Practical Tips for Mocking External Services Using WireMock

Kazuki Hayase
February 14, 2024

I work at BuySell Technologies Co., Ltd., and I am involved in developing a system that manages listing and ordering across different e-commerce websites. Our product has a lot of integrations with external services such as eBay and Shopify, and I wanted to mock them in the development environment.

I achieved this by building a stub server in the development environment with WireMock. Below I explain the details of my solution, and offer some practical tips that helped me make the most out of WireMock.


In our product, we often integrate with external services. Each service provides us with a test environment for the purpose of developing an API integration, but basically we are limited to a single environment. My team has three environments: production, staging and development. Our production environment is integrated with the production environment of the external service, and the staging environment is integrated with the test environment of the external service. As mentioned earlier, there is only one test environment provided by the external service, and using it for both staging and development risks data inconsistencies.

As a result, we chose not to integrate the development environment with the external service. This caused API integration-related processes to generate errors, leaving the development environment virtually unusable.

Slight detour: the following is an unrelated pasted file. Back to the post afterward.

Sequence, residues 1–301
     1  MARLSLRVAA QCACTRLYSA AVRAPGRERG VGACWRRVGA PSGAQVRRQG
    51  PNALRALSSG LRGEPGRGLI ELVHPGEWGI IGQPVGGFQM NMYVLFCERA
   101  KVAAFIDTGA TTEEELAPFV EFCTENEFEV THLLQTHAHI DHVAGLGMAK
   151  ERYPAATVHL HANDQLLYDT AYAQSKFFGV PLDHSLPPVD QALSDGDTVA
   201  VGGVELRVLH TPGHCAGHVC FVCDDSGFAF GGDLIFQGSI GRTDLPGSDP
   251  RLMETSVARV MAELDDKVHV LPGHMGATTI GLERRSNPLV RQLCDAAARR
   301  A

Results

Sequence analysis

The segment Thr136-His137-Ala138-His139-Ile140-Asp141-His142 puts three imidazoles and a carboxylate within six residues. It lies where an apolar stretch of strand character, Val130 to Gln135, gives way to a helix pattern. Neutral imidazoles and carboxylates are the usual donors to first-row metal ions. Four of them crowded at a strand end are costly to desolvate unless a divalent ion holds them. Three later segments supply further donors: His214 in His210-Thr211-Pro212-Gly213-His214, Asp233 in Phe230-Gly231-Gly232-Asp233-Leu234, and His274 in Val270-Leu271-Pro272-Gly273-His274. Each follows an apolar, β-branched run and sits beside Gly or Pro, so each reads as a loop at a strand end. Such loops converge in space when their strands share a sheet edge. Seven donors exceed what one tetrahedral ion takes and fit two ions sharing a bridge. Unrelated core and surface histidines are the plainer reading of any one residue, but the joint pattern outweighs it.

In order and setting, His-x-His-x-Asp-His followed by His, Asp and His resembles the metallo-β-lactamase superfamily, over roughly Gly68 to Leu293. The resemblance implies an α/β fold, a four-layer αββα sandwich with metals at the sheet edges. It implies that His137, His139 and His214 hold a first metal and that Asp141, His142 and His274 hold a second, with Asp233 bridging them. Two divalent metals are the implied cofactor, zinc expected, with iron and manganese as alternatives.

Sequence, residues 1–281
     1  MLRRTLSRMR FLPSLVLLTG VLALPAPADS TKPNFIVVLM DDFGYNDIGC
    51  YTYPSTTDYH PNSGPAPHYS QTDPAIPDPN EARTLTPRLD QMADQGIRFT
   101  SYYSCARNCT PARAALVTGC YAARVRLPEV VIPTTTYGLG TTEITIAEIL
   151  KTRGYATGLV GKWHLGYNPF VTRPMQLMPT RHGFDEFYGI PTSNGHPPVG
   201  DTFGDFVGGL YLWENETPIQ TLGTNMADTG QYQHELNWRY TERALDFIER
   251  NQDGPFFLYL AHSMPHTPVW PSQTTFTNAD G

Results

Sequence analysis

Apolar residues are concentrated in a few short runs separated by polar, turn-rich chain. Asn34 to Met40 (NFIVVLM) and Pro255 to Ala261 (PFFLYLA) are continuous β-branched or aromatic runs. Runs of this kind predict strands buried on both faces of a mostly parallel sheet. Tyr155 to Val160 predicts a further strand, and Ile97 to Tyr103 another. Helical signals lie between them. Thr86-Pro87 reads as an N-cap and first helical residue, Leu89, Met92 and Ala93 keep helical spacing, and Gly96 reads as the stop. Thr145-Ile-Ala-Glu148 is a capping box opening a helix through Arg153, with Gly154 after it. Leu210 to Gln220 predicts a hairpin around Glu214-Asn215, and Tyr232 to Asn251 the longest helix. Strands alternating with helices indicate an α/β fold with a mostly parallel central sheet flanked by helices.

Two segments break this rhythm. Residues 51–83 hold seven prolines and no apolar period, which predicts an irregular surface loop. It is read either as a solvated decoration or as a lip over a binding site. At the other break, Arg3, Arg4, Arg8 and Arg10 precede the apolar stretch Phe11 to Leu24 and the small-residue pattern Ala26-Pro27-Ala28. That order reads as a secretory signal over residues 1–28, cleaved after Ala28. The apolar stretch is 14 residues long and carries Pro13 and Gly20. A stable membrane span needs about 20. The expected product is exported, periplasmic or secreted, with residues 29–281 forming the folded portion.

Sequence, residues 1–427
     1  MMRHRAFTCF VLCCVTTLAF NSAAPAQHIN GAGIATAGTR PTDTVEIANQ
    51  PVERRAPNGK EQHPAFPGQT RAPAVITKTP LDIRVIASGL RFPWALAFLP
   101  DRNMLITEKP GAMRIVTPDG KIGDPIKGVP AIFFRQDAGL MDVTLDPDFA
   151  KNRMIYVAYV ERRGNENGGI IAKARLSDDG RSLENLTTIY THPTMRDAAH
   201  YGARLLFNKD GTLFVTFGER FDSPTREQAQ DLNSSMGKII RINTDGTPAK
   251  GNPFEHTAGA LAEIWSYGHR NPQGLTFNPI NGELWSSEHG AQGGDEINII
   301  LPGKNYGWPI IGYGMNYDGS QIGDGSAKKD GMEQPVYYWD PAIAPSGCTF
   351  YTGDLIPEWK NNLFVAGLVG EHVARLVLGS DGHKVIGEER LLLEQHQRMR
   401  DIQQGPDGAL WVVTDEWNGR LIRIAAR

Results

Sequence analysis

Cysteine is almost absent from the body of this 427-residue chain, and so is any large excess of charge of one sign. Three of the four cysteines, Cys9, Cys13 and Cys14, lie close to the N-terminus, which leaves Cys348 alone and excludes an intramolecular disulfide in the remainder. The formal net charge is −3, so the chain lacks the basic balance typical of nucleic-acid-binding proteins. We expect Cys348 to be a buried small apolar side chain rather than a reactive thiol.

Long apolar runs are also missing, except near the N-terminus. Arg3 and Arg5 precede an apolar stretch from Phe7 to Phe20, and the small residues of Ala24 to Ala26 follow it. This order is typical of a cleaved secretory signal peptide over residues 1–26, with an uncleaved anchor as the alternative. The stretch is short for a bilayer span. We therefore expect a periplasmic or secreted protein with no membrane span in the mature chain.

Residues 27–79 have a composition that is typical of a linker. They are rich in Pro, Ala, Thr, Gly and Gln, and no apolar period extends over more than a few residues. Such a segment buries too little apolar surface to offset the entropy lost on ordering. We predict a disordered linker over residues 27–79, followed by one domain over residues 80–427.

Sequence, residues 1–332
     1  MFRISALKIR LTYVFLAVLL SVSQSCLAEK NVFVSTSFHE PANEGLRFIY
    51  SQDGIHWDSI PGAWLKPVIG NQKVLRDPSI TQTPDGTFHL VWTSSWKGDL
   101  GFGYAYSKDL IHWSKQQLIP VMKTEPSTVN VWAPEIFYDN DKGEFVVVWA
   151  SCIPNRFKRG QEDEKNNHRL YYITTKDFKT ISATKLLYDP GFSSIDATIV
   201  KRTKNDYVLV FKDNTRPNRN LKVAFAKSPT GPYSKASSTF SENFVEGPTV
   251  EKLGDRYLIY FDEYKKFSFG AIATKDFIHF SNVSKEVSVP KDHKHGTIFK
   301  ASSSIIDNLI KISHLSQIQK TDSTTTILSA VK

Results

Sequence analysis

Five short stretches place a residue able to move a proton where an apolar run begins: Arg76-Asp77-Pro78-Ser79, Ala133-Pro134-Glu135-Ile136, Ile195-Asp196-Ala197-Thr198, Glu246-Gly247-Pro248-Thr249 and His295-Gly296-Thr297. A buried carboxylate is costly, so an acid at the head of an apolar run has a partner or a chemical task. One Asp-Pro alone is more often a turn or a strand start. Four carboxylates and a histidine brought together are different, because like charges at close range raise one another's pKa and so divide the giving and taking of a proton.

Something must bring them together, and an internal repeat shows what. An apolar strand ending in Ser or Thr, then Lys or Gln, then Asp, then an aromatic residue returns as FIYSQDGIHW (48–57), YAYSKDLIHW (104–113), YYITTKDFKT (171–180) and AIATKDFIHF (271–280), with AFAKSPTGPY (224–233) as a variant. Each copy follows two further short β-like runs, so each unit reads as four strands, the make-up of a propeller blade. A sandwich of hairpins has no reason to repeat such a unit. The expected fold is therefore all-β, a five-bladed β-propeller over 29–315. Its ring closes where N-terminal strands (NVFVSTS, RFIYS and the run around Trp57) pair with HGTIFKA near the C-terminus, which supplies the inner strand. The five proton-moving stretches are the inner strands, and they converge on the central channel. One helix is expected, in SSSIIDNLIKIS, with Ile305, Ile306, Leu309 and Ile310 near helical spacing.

To solve this problem, we decided to build a stub server using WireMock and integrate from our development environment.

WireMock is an OSS that makes it easy to build stub servers; it serves as a Java application and allows you to define mocks in JSON files.

We decided to use it mainly for the following reasons.

  • Mocks can be defined in JSON, so there is no need to write code
  • Mocks can be defined flexibly with features such as Request Matching and Response Templating
  • We need mocks in JSON, XML, and GraphQL, and Wiremock can handle them all
  • Docker images are distributed

Basic Usage

In this article, I will use Docker as an example.

Directory Structure

WireMock uses /home/wiremock as its root directory, from which it refers to two subdirectories, mappings and __files

The roles of each directory are as follows.


  • Stores mock definition JSON files


  • Stores mock response definition files
  • Responses can also be defined in the JSON file under mappings
  • Use when you want to cut out the response into a separate file

The directory structure of our project looks like this:

We define a Dockerfile and docker-compose.yaml to mount the project's ./wiremock to the container's /home/wiremock.


Mock Definitions

The JSON file to mock POST requests to /sample is shown below.

Case of separating the response into a different file.


Case of not splitting the response into a different file.


Practical Use Cases

Here are some practical use cases we have encountered in the process of actually building a stub server.

When query parameters are included

If a path is specified with urlPath, it must be an exact match. Therefore, if a query parameter is included, it must be specified with urlPathPattern, not urlPath.

Example of a query with a query parameter named page

Return response dynamically

In some cases, you may want to return a response dynamically rather than with a fixed value. This can be achieved by using a feature called Response Templating. By enclosing the response in double brackets ({{}}), various helpers can be used, including conditional expressions such as if.